Farmers in a small area of Saskatchewan and most of Manitoba should prepare for another soggy start to seeding, say forecasters.
“What I see is major flood risk across southern parts of Manitoba and extreme southeast Saskatchewan during April and early May,” said Brett Anderson, Canadian weather expert with AccuWeather.
Above-normal winter snowfall, unusually high river levels and the potential for ice jams will lead to a major flood risk in low-lying areas near rivers and streams.
That could lead to delays in fieldwork and seeding in those regions.
“It’s just going to be a slow start if this happens like we think it’s going to happen,” said Anderson.
His forecast coincides with government reports out of Saskatchewan and Manitoba.
The Manitoba Hydrologic Forecasting and Coordination Branch of Manitoba Infrastructure issued its first spring 2017 flood outlook on Feb. 27.
“The recent warm weather helped to reduce the flood risk slightly but did not eliminate the possibility of moderate to major flooding in areas of the province this spring,” said the department in an email issued in advance of the outlook.
Inflows from the northern United States in the Red River Basin and the Souris River Basin are a concern, as is the Lower Assiniboine River in western Manitoba.
Future precipitation and the rate of melt will be key factors in determining the flood risk. The second outlook scheduled for the end of March will have a more accurate forecast.
“But at this time we are expecting moderate to major flooding in south, southwest, southeast and central Manitoba including the Red River, the Souris River, the Pembina River and the Lower Assiniboine River,” said the department.
Saskatchewan’s Spring Snowmelt Forecast is scheduled for early March.
The Preliminary Runoff Outlook report produced by the Saskatchewan Water Security Agency in February calls for below average snowmelt runoff for most of the province due to well below average snowpack.
The exception is the southeastern corner of the province where it was wetter than average at freeze-up and then received average snowfall.
It is a blessing that snowfall across most of Saskatchewan has been much lower than normal this winter because soil moisture was excessive heading into winter.
“The month of October brought record or near record precipitation to most of the province, including many areas that had already experienced a wetter than normal summer,” stated the report.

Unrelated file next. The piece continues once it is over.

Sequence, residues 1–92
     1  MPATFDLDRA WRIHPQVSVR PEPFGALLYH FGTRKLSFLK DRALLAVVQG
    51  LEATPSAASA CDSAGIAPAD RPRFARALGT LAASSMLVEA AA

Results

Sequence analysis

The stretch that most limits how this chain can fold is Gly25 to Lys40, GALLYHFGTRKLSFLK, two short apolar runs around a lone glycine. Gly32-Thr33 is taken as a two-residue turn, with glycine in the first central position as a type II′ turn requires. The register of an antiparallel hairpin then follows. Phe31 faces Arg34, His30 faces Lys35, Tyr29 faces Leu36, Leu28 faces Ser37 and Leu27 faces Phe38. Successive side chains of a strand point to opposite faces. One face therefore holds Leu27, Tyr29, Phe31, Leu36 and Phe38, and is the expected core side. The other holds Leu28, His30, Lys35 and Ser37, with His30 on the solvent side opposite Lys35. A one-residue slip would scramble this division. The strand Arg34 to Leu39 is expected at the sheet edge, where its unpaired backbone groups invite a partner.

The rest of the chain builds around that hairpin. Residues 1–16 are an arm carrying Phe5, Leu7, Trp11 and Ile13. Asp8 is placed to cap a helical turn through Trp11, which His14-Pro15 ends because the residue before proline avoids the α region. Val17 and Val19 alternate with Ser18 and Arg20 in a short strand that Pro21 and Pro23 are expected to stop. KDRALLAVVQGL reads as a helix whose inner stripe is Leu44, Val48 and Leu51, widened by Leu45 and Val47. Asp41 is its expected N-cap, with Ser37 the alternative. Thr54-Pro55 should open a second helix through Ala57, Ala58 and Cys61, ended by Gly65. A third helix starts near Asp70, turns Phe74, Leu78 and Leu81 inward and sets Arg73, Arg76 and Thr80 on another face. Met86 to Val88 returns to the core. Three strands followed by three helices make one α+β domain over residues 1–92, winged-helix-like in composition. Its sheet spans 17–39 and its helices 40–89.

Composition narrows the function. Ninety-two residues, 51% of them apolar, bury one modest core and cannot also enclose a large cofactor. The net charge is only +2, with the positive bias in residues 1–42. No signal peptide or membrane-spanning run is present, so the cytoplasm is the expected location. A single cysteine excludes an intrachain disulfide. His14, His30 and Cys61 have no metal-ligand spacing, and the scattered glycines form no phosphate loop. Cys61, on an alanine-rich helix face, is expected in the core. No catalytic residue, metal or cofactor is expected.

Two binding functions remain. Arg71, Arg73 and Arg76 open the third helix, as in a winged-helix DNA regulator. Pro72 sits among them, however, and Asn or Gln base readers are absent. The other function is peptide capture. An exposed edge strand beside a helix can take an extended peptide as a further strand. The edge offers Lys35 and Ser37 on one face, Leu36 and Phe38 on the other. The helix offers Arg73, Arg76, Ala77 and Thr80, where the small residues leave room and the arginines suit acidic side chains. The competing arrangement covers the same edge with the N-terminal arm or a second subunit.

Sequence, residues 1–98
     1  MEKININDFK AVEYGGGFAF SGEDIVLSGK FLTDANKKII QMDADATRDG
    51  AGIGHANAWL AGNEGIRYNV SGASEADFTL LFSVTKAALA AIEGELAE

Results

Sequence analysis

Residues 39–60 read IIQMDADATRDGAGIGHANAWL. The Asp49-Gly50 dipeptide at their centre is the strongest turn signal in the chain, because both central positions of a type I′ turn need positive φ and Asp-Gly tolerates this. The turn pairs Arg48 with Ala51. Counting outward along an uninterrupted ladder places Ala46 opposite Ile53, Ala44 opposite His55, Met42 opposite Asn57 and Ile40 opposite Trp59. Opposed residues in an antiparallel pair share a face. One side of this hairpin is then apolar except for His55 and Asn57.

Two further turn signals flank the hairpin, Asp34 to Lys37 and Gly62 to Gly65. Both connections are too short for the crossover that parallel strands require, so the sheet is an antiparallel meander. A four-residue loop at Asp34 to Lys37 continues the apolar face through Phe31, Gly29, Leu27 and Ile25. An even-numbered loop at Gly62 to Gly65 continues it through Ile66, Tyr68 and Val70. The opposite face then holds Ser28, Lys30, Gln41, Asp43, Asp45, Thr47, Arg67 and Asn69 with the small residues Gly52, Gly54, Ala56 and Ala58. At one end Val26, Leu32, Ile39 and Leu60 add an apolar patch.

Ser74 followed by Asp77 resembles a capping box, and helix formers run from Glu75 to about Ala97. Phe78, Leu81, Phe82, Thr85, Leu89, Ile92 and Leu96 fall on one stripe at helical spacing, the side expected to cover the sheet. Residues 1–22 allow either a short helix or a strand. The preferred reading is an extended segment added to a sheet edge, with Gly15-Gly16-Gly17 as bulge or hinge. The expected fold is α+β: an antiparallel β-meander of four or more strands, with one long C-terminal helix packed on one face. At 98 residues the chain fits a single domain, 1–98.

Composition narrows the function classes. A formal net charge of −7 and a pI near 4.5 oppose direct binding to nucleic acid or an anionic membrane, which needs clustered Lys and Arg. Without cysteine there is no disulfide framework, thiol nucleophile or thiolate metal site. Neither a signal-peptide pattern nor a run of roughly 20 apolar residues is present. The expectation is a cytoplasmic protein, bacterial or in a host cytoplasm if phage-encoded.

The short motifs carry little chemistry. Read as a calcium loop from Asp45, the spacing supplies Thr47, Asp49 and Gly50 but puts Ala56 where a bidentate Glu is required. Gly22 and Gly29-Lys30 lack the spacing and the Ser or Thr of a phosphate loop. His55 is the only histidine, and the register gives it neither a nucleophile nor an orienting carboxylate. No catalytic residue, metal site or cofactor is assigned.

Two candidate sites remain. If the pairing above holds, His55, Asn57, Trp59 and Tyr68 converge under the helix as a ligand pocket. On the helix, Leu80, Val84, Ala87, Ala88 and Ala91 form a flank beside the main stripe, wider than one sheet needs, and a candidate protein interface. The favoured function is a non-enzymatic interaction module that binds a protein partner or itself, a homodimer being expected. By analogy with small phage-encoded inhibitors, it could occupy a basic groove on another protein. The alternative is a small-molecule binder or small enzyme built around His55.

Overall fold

“Many areas of the province were as wet or wetter than they were going into freeze-up in 2010.”
That was the year Saskatchewan was deluged by summer storms. Environment Canada said the province was never wetter.
There has been a spell of warm weather since the report was prepared, which has reduced the snow pack across much of the province. There is already some runoff happening in the southwest.
But it did not change the situation in the southeastern corner, where there remains ample snow cover.
“We’re still expecting an above normal runoff in the lower Souris Basin below the Rafferty and Alameda dams,” said Patrick Boyle, spokesperson for the Saskatchewan Water Security Agency.
Anderson had more bad news for Manitoba farmers. A storm track from the central U.S. Plains is expected to move into southern Manitoba this spring.
“We are calling for above normal precipitation, which includes rain and snow across southern parts of Manitoba, which again will further add to the risk of flooding across that region,” he said.
There are no real strong precipitation signals for the rest of the Prairies. Temperatures in the western half of the region in March and April are expected to be slightly below normal while the eastern half will be closer to normal. That bodes well for a gradual thaw, which will help reduce flood potential.
“Once we get into May, I think we could see a significant turnaround as temperatures actually may trend above normal across much of the region,” said Anderson.